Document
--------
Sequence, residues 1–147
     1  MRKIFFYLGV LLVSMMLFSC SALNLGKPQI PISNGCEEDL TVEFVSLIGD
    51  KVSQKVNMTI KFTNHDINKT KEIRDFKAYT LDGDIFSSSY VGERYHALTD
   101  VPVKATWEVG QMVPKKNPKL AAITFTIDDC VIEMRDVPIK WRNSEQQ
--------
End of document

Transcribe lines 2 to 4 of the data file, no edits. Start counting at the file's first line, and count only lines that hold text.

     1  MRKIFFYLGV LLVSMMLFSC SALNLGKPQI PISNGCEEDL TVEFVSLIGD
    51  KVSQKVNMTI KFTNHDINKT KEIRDFKAYT LDGDIFSSSY VGERYHALTD
   101  VPVKATWEVG QMVPKKNPKL AAITFTIDDC VIEMRDVPIK WRNSEQQ